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Statement on Signing the Navajo-Hopi Land Dispute Settlement Act of 1996

October 11, 1996

Today I am pleased to sign into law S. 1973, an Act that will help resolve a century-old dispute between the Hopi Tribe and the Navajo Nation over the use of Hopi Reservation Land in northern Arizona.

This bill will implement a settlement reached last December after 5 years of negotiation among the Navajo families that live on Hopi land, the Hopi Tribe, the Navajo Nation, and the United States. This historic settlement constitutes a courageous step by the people of two honorable tribes toward coexistence in peace and mutual respect.

The settlement is a consensual resolution of an age-old problem. It creates a way for Navajo families now residing on Hopi land to lawfully remain at the homesites where their families have lived for many generations. At the same time, it preserves the Hopi Tribe's right to exercise jurisdiction over its land. It is based on principles of self-determination for the Tribes and human dignity for all tribal members. With this settlement, both tribes now will be able to devote their efforts and resources to important educational, health, and economic development programs for the Navajo and Hopi people.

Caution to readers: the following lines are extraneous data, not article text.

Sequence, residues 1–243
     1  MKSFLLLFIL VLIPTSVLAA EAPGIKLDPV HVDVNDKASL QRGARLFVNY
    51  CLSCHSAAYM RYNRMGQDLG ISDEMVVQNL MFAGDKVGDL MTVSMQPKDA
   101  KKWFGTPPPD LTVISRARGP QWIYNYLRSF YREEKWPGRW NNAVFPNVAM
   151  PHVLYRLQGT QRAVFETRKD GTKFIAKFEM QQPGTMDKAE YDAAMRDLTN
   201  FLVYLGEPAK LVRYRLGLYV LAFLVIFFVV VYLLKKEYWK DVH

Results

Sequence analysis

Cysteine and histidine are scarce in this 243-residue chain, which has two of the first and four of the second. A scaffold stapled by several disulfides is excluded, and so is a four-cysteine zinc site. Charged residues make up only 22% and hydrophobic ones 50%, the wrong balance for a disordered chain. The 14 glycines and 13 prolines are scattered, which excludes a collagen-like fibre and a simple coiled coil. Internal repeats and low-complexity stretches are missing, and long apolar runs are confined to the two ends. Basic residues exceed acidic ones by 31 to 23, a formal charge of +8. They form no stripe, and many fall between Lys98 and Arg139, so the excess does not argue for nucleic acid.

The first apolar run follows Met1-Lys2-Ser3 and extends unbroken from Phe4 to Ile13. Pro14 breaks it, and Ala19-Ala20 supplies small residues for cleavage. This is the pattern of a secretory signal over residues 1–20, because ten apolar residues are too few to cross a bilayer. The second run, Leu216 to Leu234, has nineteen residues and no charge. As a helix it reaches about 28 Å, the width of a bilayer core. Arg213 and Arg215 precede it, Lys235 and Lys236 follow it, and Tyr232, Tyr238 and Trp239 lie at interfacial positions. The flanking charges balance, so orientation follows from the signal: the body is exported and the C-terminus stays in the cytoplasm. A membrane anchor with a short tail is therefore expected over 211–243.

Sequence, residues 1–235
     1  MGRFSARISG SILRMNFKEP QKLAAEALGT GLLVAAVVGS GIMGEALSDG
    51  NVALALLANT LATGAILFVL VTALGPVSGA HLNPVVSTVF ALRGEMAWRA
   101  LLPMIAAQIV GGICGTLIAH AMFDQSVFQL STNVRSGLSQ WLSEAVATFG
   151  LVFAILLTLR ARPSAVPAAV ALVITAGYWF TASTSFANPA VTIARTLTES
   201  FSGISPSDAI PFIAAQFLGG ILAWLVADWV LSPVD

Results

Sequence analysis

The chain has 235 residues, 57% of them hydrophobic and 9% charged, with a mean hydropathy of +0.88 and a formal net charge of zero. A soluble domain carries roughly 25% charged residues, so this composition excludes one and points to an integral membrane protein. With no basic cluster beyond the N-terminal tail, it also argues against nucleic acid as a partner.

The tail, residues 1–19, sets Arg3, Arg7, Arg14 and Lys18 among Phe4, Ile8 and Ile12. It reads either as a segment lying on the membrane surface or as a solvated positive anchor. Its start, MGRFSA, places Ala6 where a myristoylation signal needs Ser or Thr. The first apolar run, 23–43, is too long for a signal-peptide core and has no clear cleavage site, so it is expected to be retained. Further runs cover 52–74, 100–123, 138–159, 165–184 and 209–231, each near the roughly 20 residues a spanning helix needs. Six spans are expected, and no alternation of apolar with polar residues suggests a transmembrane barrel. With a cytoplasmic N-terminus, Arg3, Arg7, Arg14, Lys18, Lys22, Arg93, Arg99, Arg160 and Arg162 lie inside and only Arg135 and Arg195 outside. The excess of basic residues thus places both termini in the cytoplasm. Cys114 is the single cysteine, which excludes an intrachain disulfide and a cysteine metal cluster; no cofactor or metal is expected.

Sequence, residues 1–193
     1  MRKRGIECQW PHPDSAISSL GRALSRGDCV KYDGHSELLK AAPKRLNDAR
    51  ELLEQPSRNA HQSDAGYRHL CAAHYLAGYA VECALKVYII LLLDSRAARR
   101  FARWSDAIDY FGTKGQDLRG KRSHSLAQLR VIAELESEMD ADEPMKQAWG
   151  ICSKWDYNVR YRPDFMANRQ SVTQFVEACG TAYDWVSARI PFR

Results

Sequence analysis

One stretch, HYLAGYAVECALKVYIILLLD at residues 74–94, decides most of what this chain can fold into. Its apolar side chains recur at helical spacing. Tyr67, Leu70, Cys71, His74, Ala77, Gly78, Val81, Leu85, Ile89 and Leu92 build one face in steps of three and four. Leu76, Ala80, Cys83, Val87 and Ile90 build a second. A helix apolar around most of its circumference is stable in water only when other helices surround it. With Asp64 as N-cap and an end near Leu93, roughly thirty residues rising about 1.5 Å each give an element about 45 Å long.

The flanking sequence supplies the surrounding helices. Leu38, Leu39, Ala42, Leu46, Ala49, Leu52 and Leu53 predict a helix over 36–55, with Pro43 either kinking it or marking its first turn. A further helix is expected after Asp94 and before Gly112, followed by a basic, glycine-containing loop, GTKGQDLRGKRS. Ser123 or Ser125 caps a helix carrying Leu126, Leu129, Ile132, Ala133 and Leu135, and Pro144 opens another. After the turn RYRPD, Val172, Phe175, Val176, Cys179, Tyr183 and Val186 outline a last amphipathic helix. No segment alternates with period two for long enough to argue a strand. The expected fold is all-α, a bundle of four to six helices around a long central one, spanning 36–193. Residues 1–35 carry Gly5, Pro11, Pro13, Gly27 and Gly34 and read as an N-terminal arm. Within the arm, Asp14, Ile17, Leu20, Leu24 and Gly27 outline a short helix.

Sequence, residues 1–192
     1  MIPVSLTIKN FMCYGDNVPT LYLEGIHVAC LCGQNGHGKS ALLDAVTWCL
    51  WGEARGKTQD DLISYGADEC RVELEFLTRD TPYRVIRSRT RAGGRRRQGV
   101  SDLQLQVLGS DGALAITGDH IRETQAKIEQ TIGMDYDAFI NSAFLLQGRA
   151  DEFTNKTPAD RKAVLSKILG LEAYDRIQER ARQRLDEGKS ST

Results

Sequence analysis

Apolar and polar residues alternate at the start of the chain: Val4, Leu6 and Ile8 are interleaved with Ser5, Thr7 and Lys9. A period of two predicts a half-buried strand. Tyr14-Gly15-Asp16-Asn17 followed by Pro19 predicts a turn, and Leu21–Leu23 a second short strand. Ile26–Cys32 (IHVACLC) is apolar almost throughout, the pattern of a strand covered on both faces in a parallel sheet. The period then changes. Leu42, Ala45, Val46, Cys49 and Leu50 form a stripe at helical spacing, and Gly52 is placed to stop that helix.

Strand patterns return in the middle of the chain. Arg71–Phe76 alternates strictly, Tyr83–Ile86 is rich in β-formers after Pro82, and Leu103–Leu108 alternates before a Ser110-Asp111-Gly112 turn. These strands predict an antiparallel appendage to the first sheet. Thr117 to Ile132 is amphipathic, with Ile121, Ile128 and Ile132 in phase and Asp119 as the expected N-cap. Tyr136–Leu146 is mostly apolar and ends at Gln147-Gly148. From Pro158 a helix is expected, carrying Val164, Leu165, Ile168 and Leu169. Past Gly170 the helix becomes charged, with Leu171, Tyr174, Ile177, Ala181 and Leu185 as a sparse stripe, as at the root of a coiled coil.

The settlement was achieved only through the concerted efforts of many people. I take this opportunity to express appreciation in particular to Hopi Tribal Chairman Ferrell Secakuku and Navajo Nation President Albert Hale for their commitment to a peaceful resolution. I also wish to thank the Navajo residents of the Hopi Partitioned Lands—who have dedicated countless hours to negotiating these difficult issues. Further thanks are in order for the residents and the State and local governmental representatives of Arizona who have worked with the negotiating teams, and to the Department of the Interior. Finally, I want to acknowledge the role of the Department of Justice, which took the lead for the United States in these negotiations.

This bipartisan bill and the historic settlement it ratifies give us great cause for hope. The Navajo and the Hopi have embarked upon a course of reconciliation concerning an issue— religious and historical claims to land—that has led to disharmony in other places across the globe. We should build upon this success as we plan for a future together based on cooperation and mutual respect.


The White House, October 11, 1996.

NOTE: S. 1973, approved October 11, was assigned Public Law No. 104-301.

William J. Clinton, Statement on Signing the Navajo-Hopi Land Dispute Settlement Act of 1996 Online by Gerhard Peters and John T. Woolley, The American Presidency Project

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